I start to protest that they’re missing the point when another passenger waves his hand at me, dismissively. “Look, if you can’t grasp how the system works and you can’t come up with any serious ideas, we really don’t have time for you.”

The guy in the back seat pipes up, angrily: “Especially since we need to put this thing in ‘R’ and get ourselves out of this mess!”

My good friend Pat LaMarche recently found one of her old campaign fliers.  She was a Green candidate for several offices in her political career, but her first run for higher office was in 1998 for the Governorship of Maine, her home state, and that was where this particular flier came from.  It was a little card with her bio and an endorsement on one side, and bullet points for her campaign on the other – a standard, simple-to-understand setup – and what struck me about it when she posted it on the Internet a few days ago for her friends to see was that all of the points could be run on today.  Creating jobs with a living wage?  Sure, that’s still needed, more than ever.  Clean water, air, un-poisoned land?  All of those are still a concern.  Equal rights without exception?  Still fighting for them.  Energy self-reliance?  Not even close to being a reality in 2012.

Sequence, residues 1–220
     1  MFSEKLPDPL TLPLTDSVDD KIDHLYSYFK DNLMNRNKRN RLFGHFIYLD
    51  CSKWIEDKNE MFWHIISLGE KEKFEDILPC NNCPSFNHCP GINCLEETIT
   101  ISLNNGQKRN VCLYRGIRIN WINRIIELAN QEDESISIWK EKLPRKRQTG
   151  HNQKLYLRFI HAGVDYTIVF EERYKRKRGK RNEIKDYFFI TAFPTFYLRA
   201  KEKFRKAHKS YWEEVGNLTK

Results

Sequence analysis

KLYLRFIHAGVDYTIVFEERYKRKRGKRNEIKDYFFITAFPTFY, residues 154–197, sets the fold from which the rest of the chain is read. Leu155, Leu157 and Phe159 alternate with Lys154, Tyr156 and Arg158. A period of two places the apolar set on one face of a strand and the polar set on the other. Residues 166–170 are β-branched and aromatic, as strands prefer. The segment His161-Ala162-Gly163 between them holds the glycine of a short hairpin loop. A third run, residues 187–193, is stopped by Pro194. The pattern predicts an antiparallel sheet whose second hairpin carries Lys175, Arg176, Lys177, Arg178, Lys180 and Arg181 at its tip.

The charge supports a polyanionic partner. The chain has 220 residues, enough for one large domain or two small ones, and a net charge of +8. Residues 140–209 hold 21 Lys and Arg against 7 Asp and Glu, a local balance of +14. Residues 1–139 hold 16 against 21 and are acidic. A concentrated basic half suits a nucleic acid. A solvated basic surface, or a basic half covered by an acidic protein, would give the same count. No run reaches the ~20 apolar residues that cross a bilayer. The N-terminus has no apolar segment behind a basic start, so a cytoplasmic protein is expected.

In between 1998 and now, we’ve had throngs in the streets, dancing, cheering, sometimes even crying…tears of joy that all their hopes would be realized with the election of their favored candidate.  There’s been angry rhetoric, doom-saying, and vicious propaganda against those perceived as the enemies of all that is good in this country.  And through all of the confetti and all of the signs carried in anger…what we needed in 1998, or even before, is still what we need now.

Now the argument breaks out anew, with screaming, recriminations, fingers pointing in faces…I try in vain to be heard over it, and point out that it doesn’t have to be that way.  One of the passengers turns on me.  “Will you shut up?” he yells.  “Do you want those guys –” he thumbs at the nattering guys in the back seat “– to get their way?”